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David Fizdale Fired by Knicks Amid Losing Skid; Mike Miller Named Interim HC

Joseph Zucker@@JosephZuckerFeatured ColumnistDecember 6, 2019

NEW YORK, NEW YORK - NOVEMBER 24:  Head Coach David Fizdale of the New York Knicks looks on against the Brooklyn Nets at Madison Square Garden on November 24, 2019 in New York City.Brooklyn Nets defeated the New York Knicks 103-101. NOTE TO USER: User expressly acknowledges and agrees that, by downloading and or using this photograph, User is consenting to the terms and conditions of the Getty Images License Agreement. Mandatory Copyright Notice: Copyright 2019 NBAE.  (Photo by Mike Stobe/Getty Images)
Mike Stobe/Getty Images

The New York Knicks announced they fired head coach David Fizdale and assistant coach Keith Smart on Friday.

Assistant Mike Miller will be the Knicks' interim head coach.

Fizdale compiled a 21-83 record with the team after being hired in May 2018. For many, his ouster marked another example of the longstanding dysfunction plaguing the franchise.

Nobody expected Fizdale to immediately make the team a winner.

New York went 29-53 in 2017-18 and had little in the way of building blocks for the future. And Kristaps Porzingis, the one player the Knicks could sell as a cornerstone, suffered a torn ACL in February 2018.

It looked as though the front office was biding its time until it could chase Kevin Durant and Kyrie Irving in free agency, and that seemed even likelier when the Knicks traded Porzingis to the Dallas Mavericks. The move gave them the salary-cap space to sign two max-level free agents.

New York had the NBA's worst record (17-65) in 2018-19, but the fanbase could at least look optimistically toward the offseason. Owner James Dolan even publicly hinted at significant additions to come.

The house of cards came tumbling down when Durant and Irving signed with the Brooklyn Nets.

To their credit, the Knicks didn't respond to the setback by committing themselves to expensive multiyear contracts that would hinder their flexibility down the road. However, they signed four power forwards (Julius Randle, Marcus Morris Sr., Bobby Portis and Taj Gibson).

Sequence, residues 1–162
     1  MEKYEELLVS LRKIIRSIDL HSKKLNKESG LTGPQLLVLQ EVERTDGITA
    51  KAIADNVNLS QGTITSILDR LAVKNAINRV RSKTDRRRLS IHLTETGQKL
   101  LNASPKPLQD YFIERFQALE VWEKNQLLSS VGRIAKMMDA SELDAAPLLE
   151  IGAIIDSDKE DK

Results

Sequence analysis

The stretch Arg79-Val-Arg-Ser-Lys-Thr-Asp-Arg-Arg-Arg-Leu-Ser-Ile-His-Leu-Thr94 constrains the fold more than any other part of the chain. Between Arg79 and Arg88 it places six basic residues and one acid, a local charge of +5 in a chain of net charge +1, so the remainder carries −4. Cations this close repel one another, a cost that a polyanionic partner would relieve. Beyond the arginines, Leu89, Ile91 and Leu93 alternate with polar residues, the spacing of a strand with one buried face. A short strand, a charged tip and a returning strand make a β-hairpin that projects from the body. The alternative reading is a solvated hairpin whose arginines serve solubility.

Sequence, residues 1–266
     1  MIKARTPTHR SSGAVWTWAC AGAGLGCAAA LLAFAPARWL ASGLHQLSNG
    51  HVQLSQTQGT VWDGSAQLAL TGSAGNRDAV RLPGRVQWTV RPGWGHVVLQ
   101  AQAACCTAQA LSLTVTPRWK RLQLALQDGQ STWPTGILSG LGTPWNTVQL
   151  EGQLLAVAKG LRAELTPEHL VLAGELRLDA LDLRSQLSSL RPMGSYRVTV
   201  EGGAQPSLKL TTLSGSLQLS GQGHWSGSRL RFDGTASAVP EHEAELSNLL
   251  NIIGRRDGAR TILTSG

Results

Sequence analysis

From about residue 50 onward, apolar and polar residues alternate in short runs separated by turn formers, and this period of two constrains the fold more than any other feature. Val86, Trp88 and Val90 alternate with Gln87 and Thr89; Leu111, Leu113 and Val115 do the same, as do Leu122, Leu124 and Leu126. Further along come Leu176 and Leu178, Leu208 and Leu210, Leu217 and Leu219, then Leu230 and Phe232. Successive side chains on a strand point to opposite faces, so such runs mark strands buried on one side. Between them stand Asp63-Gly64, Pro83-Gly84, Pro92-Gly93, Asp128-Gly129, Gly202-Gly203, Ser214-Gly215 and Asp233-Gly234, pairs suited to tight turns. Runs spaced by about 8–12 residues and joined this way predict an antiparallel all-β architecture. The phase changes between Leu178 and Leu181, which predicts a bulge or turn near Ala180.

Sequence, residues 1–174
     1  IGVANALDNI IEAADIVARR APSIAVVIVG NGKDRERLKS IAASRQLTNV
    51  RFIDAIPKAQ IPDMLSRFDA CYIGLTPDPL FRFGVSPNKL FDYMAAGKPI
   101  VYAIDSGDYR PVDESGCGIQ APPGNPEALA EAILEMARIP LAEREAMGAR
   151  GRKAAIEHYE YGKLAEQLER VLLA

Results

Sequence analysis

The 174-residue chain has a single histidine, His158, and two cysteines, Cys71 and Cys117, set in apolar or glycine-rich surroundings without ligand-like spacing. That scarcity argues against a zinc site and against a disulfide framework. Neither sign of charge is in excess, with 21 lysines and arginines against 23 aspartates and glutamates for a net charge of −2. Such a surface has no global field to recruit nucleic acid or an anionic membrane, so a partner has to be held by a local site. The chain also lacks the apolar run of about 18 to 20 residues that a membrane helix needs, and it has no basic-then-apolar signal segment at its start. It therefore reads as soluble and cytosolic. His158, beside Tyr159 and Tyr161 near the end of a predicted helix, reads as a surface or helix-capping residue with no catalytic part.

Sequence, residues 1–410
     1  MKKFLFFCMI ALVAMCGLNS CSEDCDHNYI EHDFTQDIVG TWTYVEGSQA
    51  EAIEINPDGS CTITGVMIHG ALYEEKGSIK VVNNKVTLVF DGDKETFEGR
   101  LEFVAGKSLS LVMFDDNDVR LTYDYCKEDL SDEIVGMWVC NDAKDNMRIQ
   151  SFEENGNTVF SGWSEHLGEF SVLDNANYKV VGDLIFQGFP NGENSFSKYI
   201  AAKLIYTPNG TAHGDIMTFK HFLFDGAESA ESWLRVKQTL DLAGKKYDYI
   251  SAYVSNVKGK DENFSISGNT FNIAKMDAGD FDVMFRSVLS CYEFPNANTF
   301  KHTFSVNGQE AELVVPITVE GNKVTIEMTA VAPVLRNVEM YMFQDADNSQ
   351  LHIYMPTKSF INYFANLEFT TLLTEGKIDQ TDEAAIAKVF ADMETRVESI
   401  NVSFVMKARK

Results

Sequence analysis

Perhaps team president Steve Mills and general manager Scott Perry viewed those players as future trade assets, but a frontcourt-heavy roster presented problems that almost no coach could solve.

The Knicks rank last in offensive rating (101.9), 23rd in defensive rating (112.9) and 28th in effective field-goal percentage (48.4).

It didn't take long for things to unravel. New York lost to the Cleveland Cavaliers by 21 points on Nov. 10, which led Mills and Perry to call an impromptu press conference.

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ESPN's Adrian Wojnarowski and Malika Andrews reported shortly thereafter that Mills "had started to lay the internal groundwork for the eventual dismissal" of Fizdale. He was in effect scapegoating the coach for the front office's disastrous offseason:

"Rival coaches and executives see a mismatched Knicks roster slow of foot, without legitimate NBA guard play, but Mills is selling Dolan on a poorly coached team that is underachieving at 2-8 to start the season, league sources said. Around Madison Square Garden and the league, the timing and tone of the news conference was met with considerable surprise and dismayand it was considered to be a complete undermining of Fizdale."

After that, Fizdale's firing felt inevitable whether he deserved to go or not. And the Knicks suffered a 44-point defeat to the Milwaukee Bucks on Monday, which further eroded his job security.

The general scarcity of NBA head coaching jobs and the size of the New York market will guarantee the Knicks can find candidates willing to succeed Fizdale. The obvious question is whether anybody can make the team a contender under Dolan's watch.

Dolan assumed control of the Knicks in 1999. Since then, the franchise has had 10 head coaches—not counting interim replacements—and made just six trips to the playoffs.

Even if Mills and Perry follow Fizdale out the door, Dolan doesn't deserve the benefit of the doubt in terms of whether the Knicks will build a sustainable approach that yields on-court success.

   

Stats courtesy of NBA.com.